She Giants change future forever

Some of the first female athletics gather for a team photo at Berlin High School.

Pat Grahn, '76

Some of the first female athletics gather for a team photo at Berlin High School.

Skylar Longsine, Editor-in-Chief

A total of 50 years ago in the year of 1972 a change was made that affected all of society, that change was Title IX. When putting this into action across the United States, schools and other institutions were required to eliminate any sex-based discriminations. Females were then allowed to take shop classes and boys could take classes similar to our Foods for Living. Sports also became an option for girls to participate in, but these changes did not come without their battles. 

Title IX is still a topic of interest to students today. Senior Kara Fritz found it inspiring enough to do in-depth research for a class assignment. 

“When Title IX first came into effect it caused a lot of differences in women’s lives and men’s lives. It definitely has caused women to receive similar opportunities as men and changed the way people thought about women’s lives and jobs. It helped society evolve to be more equal. That doesn’t mean that there still aren’t inequalities though,” senior Kara Fritz said.

For the women during the 1970’s respect never came easy. Any equality that began to arise was fought for by much needed leaders. One of these role models is alumna and one of the first female athletes at BHS, Pat Grahn, ‘76.

“I was a scorekeeper for girls basketball and played on the volleyball team, and the thing I remember the most about early girls sports is fighting for everything. We fought for gym time, equipment, uniforms, credibility,” Grahn said.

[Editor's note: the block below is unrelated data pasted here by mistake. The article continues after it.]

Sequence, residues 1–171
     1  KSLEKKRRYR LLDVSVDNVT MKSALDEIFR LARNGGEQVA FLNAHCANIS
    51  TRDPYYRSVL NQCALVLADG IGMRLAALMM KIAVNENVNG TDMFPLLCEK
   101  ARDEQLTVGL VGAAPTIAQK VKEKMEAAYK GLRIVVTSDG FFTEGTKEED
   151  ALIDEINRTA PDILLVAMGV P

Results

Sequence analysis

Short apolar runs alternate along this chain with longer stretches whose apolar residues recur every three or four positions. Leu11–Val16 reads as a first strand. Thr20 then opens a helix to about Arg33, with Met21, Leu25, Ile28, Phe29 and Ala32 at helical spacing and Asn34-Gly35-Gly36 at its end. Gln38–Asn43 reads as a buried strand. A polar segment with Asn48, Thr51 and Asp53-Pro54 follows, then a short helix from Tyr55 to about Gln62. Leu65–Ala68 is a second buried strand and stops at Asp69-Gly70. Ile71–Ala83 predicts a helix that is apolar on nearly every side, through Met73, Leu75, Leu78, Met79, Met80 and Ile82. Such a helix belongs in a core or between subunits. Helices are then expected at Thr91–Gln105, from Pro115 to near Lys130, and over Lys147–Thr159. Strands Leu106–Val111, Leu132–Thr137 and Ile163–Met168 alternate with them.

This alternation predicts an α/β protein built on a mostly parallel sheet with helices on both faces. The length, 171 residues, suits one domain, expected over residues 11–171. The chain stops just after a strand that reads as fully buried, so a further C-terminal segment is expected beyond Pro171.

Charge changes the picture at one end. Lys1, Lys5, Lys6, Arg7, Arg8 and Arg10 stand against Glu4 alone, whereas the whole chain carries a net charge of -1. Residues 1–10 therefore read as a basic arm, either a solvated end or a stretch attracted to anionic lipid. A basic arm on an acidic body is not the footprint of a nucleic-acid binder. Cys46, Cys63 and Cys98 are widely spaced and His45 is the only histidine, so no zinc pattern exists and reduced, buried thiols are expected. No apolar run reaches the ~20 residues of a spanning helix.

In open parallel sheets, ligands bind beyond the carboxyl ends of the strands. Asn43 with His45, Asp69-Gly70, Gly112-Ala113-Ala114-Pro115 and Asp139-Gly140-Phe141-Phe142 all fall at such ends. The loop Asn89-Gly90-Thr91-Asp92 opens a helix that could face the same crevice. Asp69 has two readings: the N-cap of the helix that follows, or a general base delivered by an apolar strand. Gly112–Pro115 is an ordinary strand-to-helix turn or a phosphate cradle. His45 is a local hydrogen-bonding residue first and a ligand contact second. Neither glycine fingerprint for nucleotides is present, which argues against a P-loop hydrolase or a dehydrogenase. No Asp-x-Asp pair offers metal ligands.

“We received our letter, but we had no place to put or display it. There were no girls ‘B’ jackets, no sweaters, nothing. I put my letter on my bulletin board in my bedroom.

— Pat Grahn

After earning the right to simply be part of school-run sports, other obstacles began to become apparent, one of which was receiving an athletic uniform. The struggles the women’s teams faced to get these uniforms was not simply because they were being withheld from them (although this did play a huge role), but rather companies such as Ripon Athletics had never made a woman’s uniform.  

“The only reason we got uniforms is because Sandy Knit wanted to get into the girls uniform business and we were their guinea pigs. By the second year of girls sports we did not have enough uniforms for the JV team and the JV team had to wear their blue gym uniforms,” Grahn said.

In the 1970’s women were also not welcomed into the “B” Club. The “B” Club is a letter to place typically onto a letterman’s jacket to represent a student’s athletic achievements. The girls never received a letterman’s jacket during Grahn’s high school years, resulting in the girls finding an alternative placement for their earned letters.